God Without Borders

God Without Borders

In the name of God who is never where we expect God to be.

What a bizarre story—this story of Jesus and his encounter with the Gerasene man possessed by demons. Jesus and his disciples have just crossed the sea, the border, from Jewish to Gentile lands. And when they get out of the boat they immediately encounter a poor soul possessed by demons. The townspeople couldn’t control him, so perhaps to help him, but certainly to help themselves, they had him chained up. But, possessed, he is far stronger than any chains, so plan B is to label him an outcast and send him, naked, out of the land of the living to dwell in the land of the dead. Now, while the disciples at this point in the Gospel story are trying to figure out who Jesus is, the demons recognize and know him on sight. And they ask, the man asks, Jesus to go away.

“What is your name? What are you called? Define yourself.” Jesus asks the man, who replies with a description of a Roman military formation. The same military which destroyed the area and filled the tombs among which they are standing. “Legion.” The demons and Jesus then have a back and forth, and, surprisingly, Jesus allows the demons to go into a herd of pigs hanging out nearby. At which point they run off the cliff into the deep—the abyss—the same water where in the story right before this one, Jesus just calmed a storm and demonstrated his mastery over the deep.

But the oddest thing is the reaction of the townspeople at the end. There is no rejoicing at the healing of this man. Rather, they are scared of him. They want him gone. And they want Jesus gone too. Why? I’m not really sure, but perhaps it was because they knew how the world worked and this was not it. They knew who this man was and they were familiar with the label they had put on him, the demons had put on him. Or perhaps it was because Jesus was somewhere he wasn’t supposed to be with people he shouldn’t be with. Among Gentiles. In a graveyard. And this offended their sense of order.

It seems to be one of those eternally baffling things about God, that God is always in the last place we expect. In the last person we expect. This puzzles and, if we are honest, offends and annoys us. We like setting up boundaries and labels. Partly because our brains are wired to classify things and people, to sort them into groups—it is how we make sense of our lives. But also because we, like the people of Gerasa, want to control our world. We want to make sure we know who is in and who is out. And we definitely want to make sure we are part of the “in” group. So we come up with labels. Labels that are often used to define, to exclude, and create fear. And we come up with boundaries and borders, designed to shut out those we have labeled as other.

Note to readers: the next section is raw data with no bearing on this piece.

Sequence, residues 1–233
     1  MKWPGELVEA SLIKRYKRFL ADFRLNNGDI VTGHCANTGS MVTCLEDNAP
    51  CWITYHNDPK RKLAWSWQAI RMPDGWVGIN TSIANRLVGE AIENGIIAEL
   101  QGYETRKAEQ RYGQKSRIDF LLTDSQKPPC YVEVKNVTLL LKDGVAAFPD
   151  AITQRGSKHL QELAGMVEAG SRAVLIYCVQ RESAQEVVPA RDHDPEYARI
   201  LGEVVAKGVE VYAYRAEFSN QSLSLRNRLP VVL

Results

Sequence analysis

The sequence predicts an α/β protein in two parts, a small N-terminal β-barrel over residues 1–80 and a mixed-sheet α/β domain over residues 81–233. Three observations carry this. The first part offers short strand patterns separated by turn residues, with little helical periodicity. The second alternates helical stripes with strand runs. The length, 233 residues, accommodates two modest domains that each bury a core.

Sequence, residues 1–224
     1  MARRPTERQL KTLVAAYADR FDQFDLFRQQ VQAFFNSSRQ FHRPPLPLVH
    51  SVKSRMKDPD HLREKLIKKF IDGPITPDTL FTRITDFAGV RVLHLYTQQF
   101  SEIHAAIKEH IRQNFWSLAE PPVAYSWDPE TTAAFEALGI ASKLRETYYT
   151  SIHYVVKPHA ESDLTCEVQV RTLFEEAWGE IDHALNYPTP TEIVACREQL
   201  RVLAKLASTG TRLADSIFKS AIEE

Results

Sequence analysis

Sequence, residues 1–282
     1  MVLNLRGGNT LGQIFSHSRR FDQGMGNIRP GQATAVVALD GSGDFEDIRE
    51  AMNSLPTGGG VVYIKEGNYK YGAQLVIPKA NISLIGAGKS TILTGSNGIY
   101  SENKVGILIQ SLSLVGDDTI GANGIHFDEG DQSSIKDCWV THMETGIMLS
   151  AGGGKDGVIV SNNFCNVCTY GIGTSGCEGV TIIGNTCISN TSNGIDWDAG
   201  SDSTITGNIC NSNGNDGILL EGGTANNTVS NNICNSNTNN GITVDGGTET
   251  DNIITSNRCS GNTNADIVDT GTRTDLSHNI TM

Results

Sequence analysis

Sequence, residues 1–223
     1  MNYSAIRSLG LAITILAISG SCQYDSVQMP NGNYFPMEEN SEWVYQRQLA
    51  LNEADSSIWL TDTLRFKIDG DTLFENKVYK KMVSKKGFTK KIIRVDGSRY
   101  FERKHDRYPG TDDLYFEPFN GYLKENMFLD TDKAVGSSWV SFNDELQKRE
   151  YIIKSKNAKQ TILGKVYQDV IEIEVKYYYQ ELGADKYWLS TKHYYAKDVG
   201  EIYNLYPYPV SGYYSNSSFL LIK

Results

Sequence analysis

Which brings me to one of our current national shames. This week was both the week in which we observed national refugee day, and the one year anniversary of our government implementing a policy of separating families at our border with Mexico. One year of the ongoing human rights violation that is these concentration camps for mostly brown and black bodies off which people, companies, are making obscene profits. One year of separating mostly black and brown children from their families, and then losing some of them. One year of black and brown mothers and fathers desperately trying to find their children only to discover, on finding them, that the courts will not return their children to them. One year, according to a recent report, of children sleeping on the floor, not being able to bathe or change their clothes, and being fed uncooked frozen food. One year of infants and toddlers not receiving proper medical care and dying. One year of this going on in our name and in the name of God.  The only name for any system that does this, the only name for this, is “evil.”

This is where we are now. And this is who we are. And I hear you thinking, as I have thought, wait no. This isn’t who we are, this is just what our government is doing right now. But the raw and ugly truth is that none of this is actually new. The raw ugly truth is that America ripped indigenous children away from their families and their land in the name of God. That America enslaved African born children, taking them away from their families in the name of God. America snatched Japanese American children from their families via fabricated fear and put them in concentration camps the name of God. America sent fleeing Jewish refugees back to Europe to face death in the name of God. What is going on now is the same as has been going on for centuries: labeling, othering, and fear mongering. It is not about immigration, it never has been, it is about separatist ideology. About white cultural fear of black and brown bodies. About Christian fear of non-Christians.